Tuesday, January 22, 2008

“When I heard the tragic news about Jim, I was devastated. Jim was a fellow in our sports and spine program when I was a senior resident at the Rehabilitation Institute of Chicago. Although I only knew Jim for one year while he was living in Chicago, I know that he made a dynamic impact on me and other residents in our program. Jim probably put in at least an extra 40 hours per week strictly for resident teaching. He was not required to put in all that extra time – he did it because he cared about the residents and he loved to teach. Listening to him teach made you want to learn and it made you want to be a better physician.

I keep thinking back to the time that I spent with Jim last year. There are a few distinct episodes that stick out in my mind. I would like share a few of those with you. When Jim started his fellowship at RIC, I was chief resident. Part of the responsibility that comes with that title includes scheduling all of the resident lectures. One of our lecture series, the “Sports and Spine” lectures, was primarily given by the residents to the other residents. It was kind of like residents teaching other residents. But, the first couple months of that lecture series was given by the fellows to make sure that all the fundamental concepts get covered thoroughly (and to make sure that the residents could see how these lectures should be done the right way and didn’t screw up too badly when we were on our own to give these lectures!). Now, you have to remember that the academic year starts in July and Jim had his PM&R boards coming up in August. These lectures were every Wednesday. So, basically, on Wednesdays from the beginning of July, Jim had the responsibility of giving a one hour lecture to the residents. Now, I knew in my mind that he had his boards coming up in a month and I felt so guilty asking him to take time away from his studying to give these lectures so that I can put it in the schedule. Never once did Jim complain that he does not have time for these lectures. Not once did he mention that he should be studying or doing something more productive. And every single lecture that Jim gave was outstanding and it was obvious that he put in several hours to prepare for these lectures. Not a single lecture was incomplete. Not a single question was left unanswered.

Another episode that sticks out in my mind has to do with Jim’s passion for teaching. Jim had basically written an entire course on electromyography while he was a resident in New Jersey and wanted to make sure that he continues to develop the course for the residents’ benefit. So, after a few meetings and after a few discussions, we were able to implement this course into our curriculum at RIC. Now, when I say that he developed this course – I mean he developed this course from scratch. He had designed a schedule, there was course material that he had written, he had written a self study guide, he had written self assessment questions, and the list goes on and on. Basically, there was a binder at least 3 inches thick with course material that he had written. As part of this course for the residents, he made a color copy of this material and gave every resident a binder. Why did Jim do this? Because he cared and because he genuinely wanted to make sure that all the residents learned. So, after I found out about all this, I was impressed. No fellow had ever taken that much effort into teaching the residents. The next time I ran into Jim I thanked him for everything that he was doing for the residents and I told him that I understand that making copies of all those binders must have been very expensive and he should give me the receipt so that he can be reimbursed. I mean, really, it was the least I could do. Jim refused and said it was not a big deal and he shrugged it off and said if it even helps one person, he has done something right. I don’t know if he realized how many people he helped with his efforts.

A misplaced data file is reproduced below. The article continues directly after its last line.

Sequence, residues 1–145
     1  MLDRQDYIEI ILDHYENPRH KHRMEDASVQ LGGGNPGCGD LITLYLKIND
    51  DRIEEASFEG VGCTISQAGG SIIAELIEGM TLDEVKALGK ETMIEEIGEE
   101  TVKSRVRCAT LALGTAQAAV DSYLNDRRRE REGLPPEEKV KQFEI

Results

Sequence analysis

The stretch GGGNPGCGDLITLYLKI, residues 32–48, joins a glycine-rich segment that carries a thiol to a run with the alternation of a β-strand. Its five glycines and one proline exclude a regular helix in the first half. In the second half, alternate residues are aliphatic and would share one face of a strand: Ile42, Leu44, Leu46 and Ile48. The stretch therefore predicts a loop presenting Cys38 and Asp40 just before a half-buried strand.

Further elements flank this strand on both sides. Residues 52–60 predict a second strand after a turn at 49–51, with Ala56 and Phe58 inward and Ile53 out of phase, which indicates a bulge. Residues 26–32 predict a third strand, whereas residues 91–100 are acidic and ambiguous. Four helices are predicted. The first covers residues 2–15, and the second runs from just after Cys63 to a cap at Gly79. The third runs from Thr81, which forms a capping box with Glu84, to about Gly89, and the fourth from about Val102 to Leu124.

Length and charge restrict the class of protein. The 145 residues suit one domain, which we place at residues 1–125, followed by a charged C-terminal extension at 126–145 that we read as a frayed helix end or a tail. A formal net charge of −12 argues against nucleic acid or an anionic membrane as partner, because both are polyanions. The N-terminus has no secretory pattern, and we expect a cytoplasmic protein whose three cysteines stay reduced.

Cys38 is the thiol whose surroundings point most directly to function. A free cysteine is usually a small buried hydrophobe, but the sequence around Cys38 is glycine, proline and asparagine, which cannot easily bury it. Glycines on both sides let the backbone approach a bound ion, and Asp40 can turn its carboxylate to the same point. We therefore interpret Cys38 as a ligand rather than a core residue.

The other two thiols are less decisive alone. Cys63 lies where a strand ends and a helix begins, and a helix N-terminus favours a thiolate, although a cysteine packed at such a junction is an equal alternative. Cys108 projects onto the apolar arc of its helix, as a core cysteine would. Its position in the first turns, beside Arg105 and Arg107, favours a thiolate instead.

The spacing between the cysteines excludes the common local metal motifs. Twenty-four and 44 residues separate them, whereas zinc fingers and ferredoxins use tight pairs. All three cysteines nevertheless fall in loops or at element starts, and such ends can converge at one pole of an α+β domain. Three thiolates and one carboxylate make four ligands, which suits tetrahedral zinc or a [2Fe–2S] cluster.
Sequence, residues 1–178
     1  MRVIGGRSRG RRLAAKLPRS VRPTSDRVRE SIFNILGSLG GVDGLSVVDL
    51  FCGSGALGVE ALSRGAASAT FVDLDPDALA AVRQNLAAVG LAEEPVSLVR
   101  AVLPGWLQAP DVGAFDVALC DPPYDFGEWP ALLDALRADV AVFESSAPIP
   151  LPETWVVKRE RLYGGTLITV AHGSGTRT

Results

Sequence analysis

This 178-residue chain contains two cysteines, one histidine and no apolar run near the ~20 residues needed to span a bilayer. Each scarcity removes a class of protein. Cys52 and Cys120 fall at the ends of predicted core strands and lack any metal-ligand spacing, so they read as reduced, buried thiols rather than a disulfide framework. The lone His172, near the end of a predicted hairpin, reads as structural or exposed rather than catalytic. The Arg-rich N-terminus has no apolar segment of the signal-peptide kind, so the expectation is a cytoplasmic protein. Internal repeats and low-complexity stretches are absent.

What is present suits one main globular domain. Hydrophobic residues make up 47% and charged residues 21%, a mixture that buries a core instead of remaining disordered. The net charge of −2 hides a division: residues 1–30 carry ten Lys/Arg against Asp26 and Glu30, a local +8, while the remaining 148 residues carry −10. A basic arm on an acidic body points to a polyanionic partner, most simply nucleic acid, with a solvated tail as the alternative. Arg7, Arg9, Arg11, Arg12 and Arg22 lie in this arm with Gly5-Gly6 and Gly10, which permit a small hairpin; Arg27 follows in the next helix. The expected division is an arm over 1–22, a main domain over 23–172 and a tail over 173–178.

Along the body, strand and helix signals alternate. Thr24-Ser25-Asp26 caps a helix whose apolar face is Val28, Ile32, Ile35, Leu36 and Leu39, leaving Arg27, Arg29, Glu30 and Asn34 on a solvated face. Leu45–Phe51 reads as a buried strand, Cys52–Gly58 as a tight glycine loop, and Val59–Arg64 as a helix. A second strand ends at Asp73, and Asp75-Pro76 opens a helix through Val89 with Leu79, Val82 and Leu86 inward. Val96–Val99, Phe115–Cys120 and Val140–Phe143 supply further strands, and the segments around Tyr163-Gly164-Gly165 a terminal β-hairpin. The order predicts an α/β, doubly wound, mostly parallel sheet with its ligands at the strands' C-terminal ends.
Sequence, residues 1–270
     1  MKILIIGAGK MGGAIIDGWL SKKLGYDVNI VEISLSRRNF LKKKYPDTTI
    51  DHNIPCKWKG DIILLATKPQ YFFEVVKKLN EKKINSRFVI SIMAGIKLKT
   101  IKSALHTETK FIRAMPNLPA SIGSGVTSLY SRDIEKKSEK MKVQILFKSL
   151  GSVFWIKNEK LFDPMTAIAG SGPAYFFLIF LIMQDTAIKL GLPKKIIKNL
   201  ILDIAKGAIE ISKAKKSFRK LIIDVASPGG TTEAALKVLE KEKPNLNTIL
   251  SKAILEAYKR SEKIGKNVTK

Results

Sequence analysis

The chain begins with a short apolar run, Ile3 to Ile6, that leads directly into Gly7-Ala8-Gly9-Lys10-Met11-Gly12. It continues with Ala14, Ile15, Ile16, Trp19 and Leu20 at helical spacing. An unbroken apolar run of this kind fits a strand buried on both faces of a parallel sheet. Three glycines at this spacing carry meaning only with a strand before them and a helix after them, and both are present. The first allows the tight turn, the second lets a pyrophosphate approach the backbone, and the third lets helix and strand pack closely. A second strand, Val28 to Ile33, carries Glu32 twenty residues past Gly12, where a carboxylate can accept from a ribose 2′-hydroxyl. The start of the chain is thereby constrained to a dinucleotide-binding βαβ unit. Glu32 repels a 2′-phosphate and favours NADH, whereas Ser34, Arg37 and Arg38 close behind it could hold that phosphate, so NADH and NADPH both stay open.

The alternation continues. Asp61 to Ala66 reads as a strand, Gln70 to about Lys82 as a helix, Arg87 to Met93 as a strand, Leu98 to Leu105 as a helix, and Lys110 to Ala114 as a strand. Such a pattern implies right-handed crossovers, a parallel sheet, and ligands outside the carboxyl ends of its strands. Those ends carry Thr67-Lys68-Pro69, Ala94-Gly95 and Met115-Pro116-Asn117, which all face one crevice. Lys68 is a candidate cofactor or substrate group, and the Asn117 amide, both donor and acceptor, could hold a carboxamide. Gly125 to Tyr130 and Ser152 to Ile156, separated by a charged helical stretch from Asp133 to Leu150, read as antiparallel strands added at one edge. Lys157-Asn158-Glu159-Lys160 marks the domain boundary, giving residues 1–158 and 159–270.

When Jim left RIC, so did I and the rest of my class. Everyone went their separate ways. Jim headed to Kansas City to join faculty there, Gary headed to Arkansas to become faculty there. My classmates went all over the country including California, New Jersey, Michigan, Indiana, Virginia, Missouri, Pennsylvania, Utah and few stayed in Chicago.

I distinctly remember thinking about Jim when I was leaving Chicago. I remember thinking to myself that I had never met anyone so genuine and good-hearted, not mention enthusiastic about medicine, passionate about teaching, smart and innovative. He was always talking about new research ideas that he wanted to answer one day. I knew that I was going to see him again one day at a future academy meeting and everyone in PM&R was going to know his name because he was going places.

It is times like these when you wonder how bad things can happen to good people. I don’t think anyone has an answer. Jim will always be lovingly remembered as a friend, teacher and colleague. “

Kavita Trivedi DO
RIC Grad

Pain Fellow, University of Michigan


Anonymous said...


That is such a beautiful and touching tribute. Thank you

Gautam M said...

kavita, i was the sounding board for jim's electrodiagnostic handbook (and I designed the cover) so trust me when I say he spent ENORMOUS numbers of hours on developing and fine tuning it. You can rest assured knowing the fact that you thanked him had to have made his day...made his week.